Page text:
Humans need between 7 and 9 hours of good quality sleep every night. There is strong evidence that people who believe they need less are kidding themselves and cannot be functioning at their full potential. Try some of these strategies to improve sleep:
- Go to bed and get up at the same time every day
- Get daylight outside every morning
- Include a wholefood carbohydrate at the evening meal, such as brown rice or sweet potato
- Dim lighting in the evenings and avoid tech devices
- Practice relaxation techniques like meditation, reading, yoga, breathing
- Set a bedtime ritual for the brain to recognise
- Ensure the bed is comfortable and that the bedroom is a cool temperature, pitch black and quiet. Hot baths reduce core body temperature to aid sleep
- Avoid daytime napping if this prevents sleep later
- Exercise sufficiently
- Avoid caffeine and alcohol after midday
Be physically active
Formal exercise isn’t necessary but daily physical activity is. This could be housework, gardening, walking the dog, cycling to and from work or school. Aim for 10,000 steps (4.5 – 5 miles) a day. Start slowly and build up to this if you’ve been sedentary for a while. Wearable technologies can help with motivation and tracking.
Live with a sense of purpose
Evidence from population studies shows that having a sense of purpose in life is one of the best ways to feel more energized and happier, and to have a healthier, longer life. Do you have sufficient meaning in your day to motivate getting up in the morning? Even simple commitments, if they are meaningful, can be energizing, like fulfilling your promise to bake a cake for the local fete. Consider joining groups and communities if this is an option in your area.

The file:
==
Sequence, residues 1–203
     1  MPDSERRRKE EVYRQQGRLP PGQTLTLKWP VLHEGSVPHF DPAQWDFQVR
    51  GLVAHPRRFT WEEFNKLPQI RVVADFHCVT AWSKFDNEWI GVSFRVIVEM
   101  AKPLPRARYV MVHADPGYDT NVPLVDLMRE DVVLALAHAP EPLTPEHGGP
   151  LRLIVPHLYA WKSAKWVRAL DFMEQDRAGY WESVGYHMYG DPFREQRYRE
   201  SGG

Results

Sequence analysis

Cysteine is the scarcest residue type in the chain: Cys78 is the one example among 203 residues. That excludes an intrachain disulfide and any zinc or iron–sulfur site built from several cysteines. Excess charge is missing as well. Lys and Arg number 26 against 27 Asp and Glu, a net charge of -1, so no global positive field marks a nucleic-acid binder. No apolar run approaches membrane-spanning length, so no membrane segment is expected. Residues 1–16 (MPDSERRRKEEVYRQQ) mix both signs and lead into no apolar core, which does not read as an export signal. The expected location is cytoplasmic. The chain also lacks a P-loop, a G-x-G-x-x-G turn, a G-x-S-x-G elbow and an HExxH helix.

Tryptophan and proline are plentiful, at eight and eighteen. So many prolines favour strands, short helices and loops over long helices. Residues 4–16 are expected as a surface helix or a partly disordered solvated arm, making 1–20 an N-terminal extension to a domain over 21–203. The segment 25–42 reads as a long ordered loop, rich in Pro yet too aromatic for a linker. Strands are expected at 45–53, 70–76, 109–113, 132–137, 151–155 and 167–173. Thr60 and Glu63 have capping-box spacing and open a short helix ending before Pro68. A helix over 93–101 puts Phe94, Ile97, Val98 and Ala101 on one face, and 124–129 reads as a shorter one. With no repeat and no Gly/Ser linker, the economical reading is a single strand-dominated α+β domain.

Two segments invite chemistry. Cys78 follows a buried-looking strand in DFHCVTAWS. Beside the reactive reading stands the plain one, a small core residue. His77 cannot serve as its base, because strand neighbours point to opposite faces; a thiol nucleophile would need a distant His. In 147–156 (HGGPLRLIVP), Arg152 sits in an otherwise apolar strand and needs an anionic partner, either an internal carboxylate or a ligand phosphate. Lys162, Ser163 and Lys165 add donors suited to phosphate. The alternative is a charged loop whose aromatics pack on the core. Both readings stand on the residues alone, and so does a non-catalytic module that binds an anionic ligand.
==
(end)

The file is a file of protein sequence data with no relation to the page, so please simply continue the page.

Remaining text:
Deal with stress
Ongoing stress is a great energy-sapper. It’s important to talk about your stress levels and the causes with trusted friends or family. If this isn’t possible, consider engaging in a talking therapy, such as cognitive behavioural therapy. People tend to become happier once they have worked out ways to either remove the stressor or learn to change the way they think about it, which can reduce its negative effects.
Micronutrients that promote good energy levels
B vitamins act as co-factors for almost every process in the body and are vital for energy:
Vitamins B1, B2 and B3 are used in the mitochondria to release energy from food. B5 supports the adrenal glands, meaning that it may be helpful if you have a demanding lifestyle and stress-related fatigue.
Meanwhile, B2, folate, B6 and B12 are involved in the process of methylation. Methylation combats fatigue by producing appropriate adrenal hormones and ‘energy’ compounds like CoQ10 and L-carnitine, as well as by supporting detoxification and in reducing free radical damage (by optimizing homocysteine and glutathione levels). B6, folate and B12 are also crucial for the synthesis of red blood cells and haemoglobin that carries oxygen around the body for energy.
Low iron intakes are surprisingly common in the UK and official data shows that 89% of young women consume less than the daily RNI of 14.8mg.
If you’re menstruating or if you eat a vegetarian or vegan diet, or very little red meat, you could consider a serum ferritin test to help determine whether to talk to your GP or to a Nutritional Therapist about supplementing iron. Optimizing levels can significantly improve both physical and mental fatigue.